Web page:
By Chantee Lans, WBZ-TV

BOSTON (CBS) — Detained immigrants, family members, friends, a handful of protesters and attorneys gathered at Logan Airport as President Trump’s executive order barring citizens of seven different countries entered a second day.

And on Sunday, an emotional hug two friends thought might not have come.

“We didn’t expect these things to happen in the United States. We came here with hope of peace and love,” Ati Ramani said.

Ramani says she was waiting at the International terminal at Logan for her friend Sona for several hours.

Friends Sona and Ati (left and center) reunite at Logan Airport Sunday. (WBZ-TV)

Friends Sona and Ati (left and center) reunite at Logan Airport Sunday. (WBZ-TV)

“Although she’s a green card holder, I was not really sure if I could see her again,” Ramani said.

“I was worried for everything and now I’m okay,” Sona said.

Both women are Iranian natives now living in Boston.

Ati Ramani is a doctoral student at UMass-Amherst.

Their native country, along with six others that are predominantly Muslim, are part of a travel ban in a new executive order signed by President Trump.

“I really don’t have a good feeling right now,” Ati said.

Sona went to Iran to visit her family for vacation. She was supposed to return on February 10th. But after the president’s ban and as of early Sunday morning, a federal judge’s imposed temporary restraining order, she took the opportunity to return to the United States.

Sona says through it all, she held onto her faith.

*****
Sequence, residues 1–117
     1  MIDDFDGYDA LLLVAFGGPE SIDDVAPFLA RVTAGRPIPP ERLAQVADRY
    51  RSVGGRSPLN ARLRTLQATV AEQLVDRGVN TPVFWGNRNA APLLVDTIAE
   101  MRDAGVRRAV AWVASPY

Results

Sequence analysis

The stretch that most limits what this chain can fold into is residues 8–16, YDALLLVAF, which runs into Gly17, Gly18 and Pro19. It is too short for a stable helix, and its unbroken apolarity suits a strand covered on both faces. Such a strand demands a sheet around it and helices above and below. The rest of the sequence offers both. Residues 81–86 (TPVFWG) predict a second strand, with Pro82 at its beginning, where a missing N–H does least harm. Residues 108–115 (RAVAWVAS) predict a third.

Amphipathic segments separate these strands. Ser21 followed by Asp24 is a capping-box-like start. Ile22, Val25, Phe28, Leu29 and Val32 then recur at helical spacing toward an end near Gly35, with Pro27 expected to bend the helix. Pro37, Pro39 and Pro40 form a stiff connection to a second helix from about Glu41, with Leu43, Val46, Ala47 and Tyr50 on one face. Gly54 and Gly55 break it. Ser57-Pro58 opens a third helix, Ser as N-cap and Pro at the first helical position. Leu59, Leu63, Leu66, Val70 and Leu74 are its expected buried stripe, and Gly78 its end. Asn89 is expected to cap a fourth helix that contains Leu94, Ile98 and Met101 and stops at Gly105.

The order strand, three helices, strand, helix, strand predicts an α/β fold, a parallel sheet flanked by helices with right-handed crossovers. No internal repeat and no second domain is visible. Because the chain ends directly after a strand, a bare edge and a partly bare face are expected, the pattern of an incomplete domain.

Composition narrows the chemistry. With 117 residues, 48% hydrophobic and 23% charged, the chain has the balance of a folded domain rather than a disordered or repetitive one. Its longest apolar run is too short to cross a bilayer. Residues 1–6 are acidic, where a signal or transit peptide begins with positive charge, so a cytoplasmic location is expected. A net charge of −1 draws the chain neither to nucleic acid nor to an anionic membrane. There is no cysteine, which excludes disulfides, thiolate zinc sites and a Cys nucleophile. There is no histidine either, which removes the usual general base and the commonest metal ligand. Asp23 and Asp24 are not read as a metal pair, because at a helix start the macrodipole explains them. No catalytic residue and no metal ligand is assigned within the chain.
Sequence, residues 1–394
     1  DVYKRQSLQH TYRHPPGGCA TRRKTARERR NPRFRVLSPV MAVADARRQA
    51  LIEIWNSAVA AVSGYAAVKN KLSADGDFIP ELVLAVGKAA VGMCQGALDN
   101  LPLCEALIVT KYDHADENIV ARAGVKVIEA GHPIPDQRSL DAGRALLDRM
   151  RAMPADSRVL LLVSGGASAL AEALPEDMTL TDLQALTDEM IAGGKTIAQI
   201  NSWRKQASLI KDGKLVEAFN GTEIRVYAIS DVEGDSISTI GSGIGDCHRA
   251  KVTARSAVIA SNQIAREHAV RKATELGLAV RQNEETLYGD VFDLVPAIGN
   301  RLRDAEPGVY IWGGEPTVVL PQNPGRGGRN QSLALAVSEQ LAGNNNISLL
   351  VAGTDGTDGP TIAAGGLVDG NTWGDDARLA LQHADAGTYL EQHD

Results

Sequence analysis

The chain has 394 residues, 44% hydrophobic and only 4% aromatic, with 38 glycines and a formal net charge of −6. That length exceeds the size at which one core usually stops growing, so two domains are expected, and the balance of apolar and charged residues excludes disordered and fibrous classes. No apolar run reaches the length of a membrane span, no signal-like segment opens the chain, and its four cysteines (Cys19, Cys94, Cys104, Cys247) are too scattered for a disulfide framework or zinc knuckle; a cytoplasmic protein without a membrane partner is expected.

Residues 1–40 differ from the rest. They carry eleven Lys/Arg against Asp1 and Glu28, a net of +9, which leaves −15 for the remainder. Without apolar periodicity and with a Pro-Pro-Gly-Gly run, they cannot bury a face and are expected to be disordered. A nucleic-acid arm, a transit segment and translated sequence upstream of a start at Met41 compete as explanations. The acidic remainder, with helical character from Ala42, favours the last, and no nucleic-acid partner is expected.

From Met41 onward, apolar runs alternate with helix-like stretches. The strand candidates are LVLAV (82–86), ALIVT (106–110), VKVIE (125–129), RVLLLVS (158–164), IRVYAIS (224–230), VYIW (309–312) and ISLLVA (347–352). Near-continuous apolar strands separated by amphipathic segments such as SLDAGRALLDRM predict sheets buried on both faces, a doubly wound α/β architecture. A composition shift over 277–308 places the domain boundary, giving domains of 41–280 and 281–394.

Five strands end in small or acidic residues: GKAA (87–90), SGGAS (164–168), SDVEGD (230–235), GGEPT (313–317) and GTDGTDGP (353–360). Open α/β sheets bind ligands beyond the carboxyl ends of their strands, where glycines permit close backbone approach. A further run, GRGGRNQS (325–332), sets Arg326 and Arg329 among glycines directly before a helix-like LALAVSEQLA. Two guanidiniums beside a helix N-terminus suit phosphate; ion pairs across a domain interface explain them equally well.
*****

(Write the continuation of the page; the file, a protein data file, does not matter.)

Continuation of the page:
“I thank God, think about everything and I praise God,” Sona said.

In addition, an Iranian woman who lives in Hopkinton waited four hours Sunday for her husband to get through customs at Logan. He traveled back to Boston from Iran for his father’s funeral. A volunteer immigration attorney said detaining someone for that long after a federal judge issued a temporary restraining order is questionable.

“Clearly, these practices are unconstitutional, they’re unjust. They go against what America stands for,” Emily Amara Gordon said.

Attorney Howard Silverman has been at the airport helping families at the airport since 7 a.m.

“I’ve been doing this for 32 years. I’ve never seen anything like this. I think it’s dangerous. I think it sets a dangerous precedent,” Silverman told WBZ.

“I believe everything will be all right. People really support us here and I really appreciate them,” Ramani said.

Ati’s positivity is reassured by protesters, showing solidarity for all immigrants entering the U.S. from Boston.

“My father came over to get away from persecution in Nazi Germany. So it’s very important to us to feel that this country is still welcoming,” David Hoffer said.


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